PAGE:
We’re working on the motor data now, but a quick tidbit…Spies got on the podium with fresh engines. There’s a whole new level of strategy underway in the sport now, and it’s pretty exciting. Yeah, if Lorenzo blew a motor, it could mean the Championship. Even though he’s running away with the season, he still has to be on his game because it could turnaround any minute. That excites me.

  3. Hi Jenny, understand where you are coming from, however MotoGP is the pinnacle of motorcycle racing and I cannot get my head around the fact that as the year progresses riders/teams whatever will be inhibited by the ‘engine miles’ of such a restricted batch of engines, engines which I understand cannot be opened for inspection or minor cost remedial work, a refresh if you will.

    I’m confident fans want great racing ‘throughout the season’ and have no idea, (and I’m sure they dont care) whether Ben, Vale, whomever has a ‘fresh or used’ engine, it is all about close racing. I think the rule stinks. Taking it to extremes we could have a last gasp procession in November at Valencia where a Suzuki ‘fresh engined’ bike might just win and all front runners engines fail, now that would look great for MotoGP (not).

  4. Jenny Gun says:

    You can make that same argument going the other way though.

    Do fans want to see the same rider(s) dominate the series? With the engine allotments, riders like Ben Spies have been able to get up near the front because they’re running a fresh engine against say Lorenzo’s older motor.

    Part of the impetus behind giving Suzuki an exception, is that their package is so uncompetitive. Even on fresh motors, Rizla Suzuki can’t touch even the rest of the teams.

    You have to realize the “limitations” as you call it has been going on all season. Most of the teams are on their 3rd motor, and have been juggling the motors around between the different sessions and tracks. Looking at the data, there’s clearly game plans involved here.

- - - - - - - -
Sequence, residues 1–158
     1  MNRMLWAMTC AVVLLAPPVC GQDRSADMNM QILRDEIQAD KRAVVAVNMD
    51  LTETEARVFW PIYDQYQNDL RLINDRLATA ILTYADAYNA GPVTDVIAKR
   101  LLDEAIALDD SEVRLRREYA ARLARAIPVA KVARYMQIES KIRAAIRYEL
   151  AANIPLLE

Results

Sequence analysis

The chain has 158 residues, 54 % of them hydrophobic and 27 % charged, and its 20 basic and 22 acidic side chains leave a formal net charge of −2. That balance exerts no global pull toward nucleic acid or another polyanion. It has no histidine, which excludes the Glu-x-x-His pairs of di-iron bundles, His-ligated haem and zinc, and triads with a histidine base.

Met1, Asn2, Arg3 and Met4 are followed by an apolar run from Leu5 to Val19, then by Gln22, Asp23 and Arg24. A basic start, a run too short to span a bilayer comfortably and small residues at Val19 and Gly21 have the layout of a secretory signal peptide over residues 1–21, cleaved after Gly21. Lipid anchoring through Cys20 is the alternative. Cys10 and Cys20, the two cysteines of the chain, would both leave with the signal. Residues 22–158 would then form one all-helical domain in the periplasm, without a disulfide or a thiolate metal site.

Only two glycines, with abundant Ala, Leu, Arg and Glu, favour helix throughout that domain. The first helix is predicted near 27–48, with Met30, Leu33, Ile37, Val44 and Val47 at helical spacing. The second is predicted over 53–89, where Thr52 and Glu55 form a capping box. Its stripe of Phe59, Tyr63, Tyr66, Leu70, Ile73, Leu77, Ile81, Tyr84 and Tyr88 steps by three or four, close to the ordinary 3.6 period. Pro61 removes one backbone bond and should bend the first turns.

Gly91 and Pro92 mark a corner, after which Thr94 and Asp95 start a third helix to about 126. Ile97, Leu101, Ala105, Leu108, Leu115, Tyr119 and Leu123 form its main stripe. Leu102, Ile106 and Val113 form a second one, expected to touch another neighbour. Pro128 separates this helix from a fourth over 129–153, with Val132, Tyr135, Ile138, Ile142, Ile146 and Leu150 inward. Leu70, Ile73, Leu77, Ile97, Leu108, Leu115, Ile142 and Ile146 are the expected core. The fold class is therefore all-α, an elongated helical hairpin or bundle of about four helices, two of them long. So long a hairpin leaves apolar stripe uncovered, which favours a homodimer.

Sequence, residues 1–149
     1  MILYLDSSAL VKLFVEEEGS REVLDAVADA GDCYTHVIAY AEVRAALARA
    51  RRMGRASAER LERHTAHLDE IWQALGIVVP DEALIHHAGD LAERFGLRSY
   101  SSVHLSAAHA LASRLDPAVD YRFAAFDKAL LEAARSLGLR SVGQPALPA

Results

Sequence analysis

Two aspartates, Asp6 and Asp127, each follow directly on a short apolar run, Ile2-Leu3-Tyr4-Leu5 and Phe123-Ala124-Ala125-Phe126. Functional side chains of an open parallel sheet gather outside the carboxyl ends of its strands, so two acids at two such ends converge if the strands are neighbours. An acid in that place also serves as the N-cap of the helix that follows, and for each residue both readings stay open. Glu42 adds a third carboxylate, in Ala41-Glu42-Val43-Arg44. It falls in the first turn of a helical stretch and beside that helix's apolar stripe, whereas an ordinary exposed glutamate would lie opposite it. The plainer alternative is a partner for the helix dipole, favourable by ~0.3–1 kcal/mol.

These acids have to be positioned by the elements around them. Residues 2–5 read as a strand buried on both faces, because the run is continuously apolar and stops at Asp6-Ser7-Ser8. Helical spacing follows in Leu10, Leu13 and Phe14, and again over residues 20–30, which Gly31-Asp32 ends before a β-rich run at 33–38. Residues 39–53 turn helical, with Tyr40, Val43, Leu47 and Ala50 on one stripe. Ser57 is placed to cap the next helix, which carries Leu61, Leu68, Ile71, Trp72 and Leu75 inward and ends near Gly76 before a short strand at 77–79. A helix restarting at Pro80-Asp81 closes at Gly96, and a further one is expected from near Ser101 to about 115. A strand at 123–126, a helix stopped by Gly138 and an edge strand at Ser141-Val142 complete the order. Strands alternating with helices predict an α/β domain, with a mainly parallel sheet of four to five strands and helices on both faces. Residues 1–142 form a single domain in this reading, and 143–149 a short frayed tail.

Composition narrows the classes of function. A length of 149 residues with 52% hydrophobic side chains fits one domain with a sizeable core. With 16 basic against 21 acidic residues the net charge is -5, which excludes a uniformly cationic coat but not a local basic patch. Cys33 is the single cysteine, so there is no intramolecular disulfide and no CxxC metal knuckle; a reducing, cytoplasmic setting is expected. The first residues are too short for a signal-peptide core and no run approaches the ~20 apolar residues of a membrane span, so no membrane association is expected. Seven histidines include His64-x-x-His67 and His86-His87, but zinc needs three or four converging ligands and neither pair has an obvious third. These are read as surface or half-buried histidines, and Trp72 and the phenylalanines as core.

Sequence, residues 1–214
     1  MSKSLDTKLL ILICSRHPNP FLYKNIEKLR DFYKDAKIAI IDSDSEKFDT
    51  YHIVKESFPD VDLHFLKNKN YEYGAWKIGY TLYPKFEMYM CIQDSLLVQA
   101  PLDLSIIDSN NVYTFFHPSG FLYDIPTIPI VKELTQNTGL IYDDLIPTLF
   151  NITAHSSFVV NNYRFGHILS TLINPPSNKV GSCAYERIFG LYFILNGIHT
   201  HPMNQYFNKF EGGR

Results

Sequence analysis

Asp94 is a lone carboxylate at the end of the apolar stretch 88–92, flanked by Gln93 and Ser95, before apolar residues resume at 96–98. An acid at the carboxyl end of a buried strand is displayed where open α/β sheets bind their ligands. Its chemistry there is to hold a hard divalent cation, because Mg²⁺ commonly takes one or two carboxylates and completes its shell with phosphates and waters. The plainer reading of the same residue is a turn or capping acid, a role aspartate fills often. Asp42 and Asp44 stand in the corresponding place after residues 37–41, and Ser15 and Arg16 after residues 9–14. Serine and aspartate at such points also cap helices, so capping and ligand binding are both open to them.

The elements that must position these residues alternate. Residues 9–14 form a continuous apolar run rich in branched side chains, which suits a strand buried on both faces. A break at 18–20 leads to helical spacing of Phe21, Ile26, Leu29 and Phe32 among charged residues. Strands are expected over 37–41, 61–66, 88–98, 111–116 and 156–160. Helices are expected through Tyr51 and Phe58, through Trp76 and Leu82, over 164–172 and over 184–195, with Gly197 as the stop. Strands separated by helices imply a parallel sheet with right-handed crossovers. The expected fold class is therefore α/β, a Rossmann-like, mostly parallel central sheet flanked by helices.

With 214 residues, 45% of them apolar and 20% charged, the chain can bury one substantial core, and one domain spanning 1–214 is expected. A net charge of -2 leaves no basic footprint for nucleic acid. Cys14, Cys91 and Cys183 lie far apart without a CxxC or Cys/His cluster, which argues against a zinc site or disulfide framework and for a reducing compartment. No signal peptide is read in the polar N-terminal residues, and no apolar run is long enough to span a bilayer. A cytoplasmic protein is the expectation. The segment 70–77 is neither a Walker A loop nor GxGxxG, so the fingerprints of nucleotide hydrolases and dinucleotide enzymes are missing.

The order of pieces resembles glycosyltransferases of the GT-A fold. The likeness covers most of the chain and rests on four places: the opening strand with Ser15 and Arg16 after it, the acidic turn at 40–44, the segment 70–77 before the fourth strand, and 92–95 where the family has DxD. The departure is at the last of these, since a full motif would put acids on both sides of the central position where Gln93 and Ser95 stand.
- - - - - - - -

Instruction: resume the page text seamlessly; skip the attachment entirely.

At the 1/3 mark of the season, some teams had used only 1/3 or so so of their available motors, while it’s clear others are cherry-picking races they know they can do well in (Ben Spies being the more notable rider doing this).

    We should have an illustration of all this up in the next week or so. It’s interesting stuff to say the least.

  5. Suzuki Getting MotoGP Engine Dispensation – http://aspha.lt/16s #motorcycle

  6. Sean says:

    Darly Beattie on the local MotoGP broadcast speculated that Spies and Edwards had performed so badly in the last GP because they had used old engines to save fresh ones for Laguna Seca.

  7. Maxx says:


    Spies and Edwards are suppose to be getting same spec engines as fiat yamaha but they will be in last years chassis……..me personally yamaha should step up to the plate and supply more up to date “M1′s” for their #2 team I mean Honda helps their private teams a lot better even Ducati helps their other teams…..

    Rant over and breath……..

  8. mxs says:

    I wouldn’t blame Spies’ last two or three races on used engines. He made riding mistakes in parts of a circuit where it’s not about engine at all …